In its approach to designing the new assistant, Samsung has taken the line that rather than making a cute, witty companion – which seems to be the flavour offered by Cortana and Siri – that proffers casual information such as the weather or the last five films Bill Murray starred in, it will instead be a replacement for, and compliment to, the touch interface on the device itself. This is achieved by making the software burrow down to deeper levels of functionality within the operating system and apps.

‘When an application becomes Bixby-enabled,’ states Injong Rhee, Samsung’s Head of R&D, Software & Services. ‘Bixby will be able to support almost every task that the application is capable of performing using the conventional interface (ie. touch commands).  Most existing agents currently support only a few selected tasks for an application and therefore confuse users about what works or what doesn’t work by voice command.’

Contextual awareness

Paired with this comprehensive control ability comes another important factor, one which Samsung is calling Contextual Awareness. From the information provided so far this seems to suggest that the touch and voice interface will be completely interchangeable.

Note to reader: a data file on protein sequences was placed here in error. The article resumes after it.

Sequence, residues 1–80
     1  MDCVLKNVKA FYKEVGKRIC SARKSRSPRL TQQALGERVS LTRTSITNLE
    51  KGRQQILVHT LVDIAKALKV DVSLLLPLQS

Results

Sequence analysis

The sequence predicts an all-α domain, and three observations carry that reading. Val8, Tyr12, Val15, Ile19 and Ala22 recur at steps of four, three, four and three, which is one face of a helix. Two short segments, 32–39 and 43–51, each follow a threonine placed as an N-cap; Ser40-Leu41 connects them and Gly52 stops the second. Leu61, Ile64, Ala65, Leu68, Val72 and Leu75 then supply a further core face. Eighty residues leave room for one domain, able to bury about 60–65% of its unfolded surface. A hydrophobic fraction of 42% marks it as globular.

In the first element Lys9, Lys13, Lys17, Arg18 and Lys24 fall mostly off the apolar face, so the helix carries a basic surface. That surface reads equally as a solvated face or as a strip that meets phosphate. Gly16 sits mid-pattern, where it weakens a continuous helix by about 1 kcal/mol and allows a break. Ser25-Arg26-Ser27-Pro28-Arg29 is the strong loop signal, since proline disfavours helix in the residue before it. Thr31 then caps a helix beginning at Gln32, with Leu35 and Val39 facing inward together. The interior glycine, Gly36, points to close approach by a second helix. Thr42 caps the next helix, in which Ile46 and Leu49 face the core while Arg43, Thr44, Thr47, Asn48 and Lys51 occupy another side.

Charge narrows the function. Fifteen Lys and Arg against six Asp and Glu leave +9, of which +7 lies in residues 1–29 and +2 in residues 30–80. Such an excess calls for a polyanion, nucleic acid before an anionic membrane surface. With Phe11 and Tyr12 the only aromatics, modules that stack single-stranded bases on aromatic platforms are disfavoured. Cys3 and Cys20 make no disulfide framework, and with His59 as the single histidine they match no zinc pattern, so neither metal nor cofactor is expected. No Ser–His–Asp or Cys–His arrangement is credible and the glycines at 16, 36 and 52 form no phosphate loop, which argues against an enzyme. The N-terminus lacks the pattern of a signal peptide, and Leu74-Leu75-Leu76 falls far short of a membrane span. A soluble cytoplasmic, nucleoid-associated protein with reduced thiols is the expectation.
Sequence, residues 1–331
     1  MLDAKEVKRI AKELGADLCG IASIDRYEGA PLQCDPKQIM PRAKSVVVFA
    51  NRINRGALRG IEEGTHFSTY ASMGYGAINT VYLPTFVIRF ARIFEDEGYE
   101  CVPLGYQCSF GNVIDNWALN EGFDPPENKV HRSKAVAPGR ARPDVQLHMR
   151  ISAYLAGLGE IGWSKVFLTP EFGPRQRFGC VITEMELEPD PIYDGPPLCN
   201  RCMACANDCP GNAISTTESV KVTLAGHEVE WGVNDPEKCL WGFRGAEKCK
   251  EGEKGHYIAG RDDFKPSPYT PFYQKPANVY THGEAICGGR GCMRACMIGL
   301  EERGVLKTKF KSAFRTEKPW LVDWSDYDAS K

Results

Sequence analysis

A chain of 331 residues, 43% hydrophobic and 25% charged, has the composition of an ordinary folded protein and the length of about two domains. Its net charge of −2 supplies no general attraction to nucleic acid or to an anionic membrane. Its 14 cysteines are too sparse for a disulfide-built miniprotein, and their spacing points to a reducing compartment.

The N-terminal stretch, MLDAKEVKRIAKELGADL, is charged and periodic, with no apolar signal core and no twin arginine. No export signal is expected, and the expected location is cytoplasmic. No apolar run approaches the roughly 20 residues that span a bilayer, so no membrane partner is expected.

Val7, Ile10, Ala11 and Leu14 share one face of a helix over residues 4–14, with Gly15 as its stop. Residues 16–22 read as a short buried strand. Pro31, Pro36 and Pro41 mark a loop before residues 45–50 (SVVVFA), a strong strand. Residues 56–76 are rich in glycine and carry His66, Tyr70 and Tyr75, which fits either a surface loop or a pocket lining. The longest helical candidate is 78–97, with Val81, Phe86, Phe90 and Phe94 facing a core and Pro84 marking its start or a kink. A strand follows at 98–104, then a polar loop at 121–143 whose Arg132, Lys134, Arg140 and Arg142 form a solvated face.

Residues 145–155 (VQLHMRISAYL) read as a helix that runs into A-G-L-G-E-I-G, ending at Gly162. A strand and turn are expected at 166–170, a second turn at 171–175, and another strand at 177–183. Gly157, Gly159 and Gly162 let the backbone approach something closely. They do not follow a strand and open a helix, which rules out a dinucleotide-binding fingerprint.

So, for example, if you’re looking at a photograph in your Gallery of a great night out with your partner, you should be able to select the image with a touch then tell Bixby to email it to them. The assistant should be smart enough to realise what you’re looking at and what application to use to complete the task.

Flexible commands

Bixby is also built to be flexible with the commands you use, so there would be no definitive ‘do this precise thing’ that you’d need to remember in order to accomplish certain tasks. The system should be able to recognise your intentions from keywords in your commands and get things done without annoying you.

The Samsung Galaxy S8 will have a dedicated Bixby button so you can quickly launch the feature, and the assistant will gradually be added to many other products across its range, including TVs, air-conditioning units, and basically anything that contains a microphone and internet connectivity.

Is Bixby better than Siri, Cortana, and Google Assistant?

At launch in the UK we didn't get quite the Bixby we were expecting. For example, Bixby Voice did not become available in the UK until 22 August.

Now that we've seen Bixby as it was intended, it certainly appears to behave with the intelligence and competence that Samsung suggested and is an impressive addition to its smartphones. Unfortunately, Bixby is available only on Samsung smartphones.

With Samsung targeting inconsistencies in the way other voice assistants work, the fact that Bixby is available only on certain apps and devices means that there will be immediate confusion over when and where the assistant will function.

This could be solved in time as developers code-in support for Bixby, but so far Samsung has only stated that it will release an SDK (Software Development Kit), meaning Bixby enabled apps are likely to be in the minority for a while yet.

So it's very much a wait an see kind of deal. But we have to say that the idea of Bixby, backed with a determined and focused Samsung, could be a very interesting product.

(See how to turn off Bixby Home.)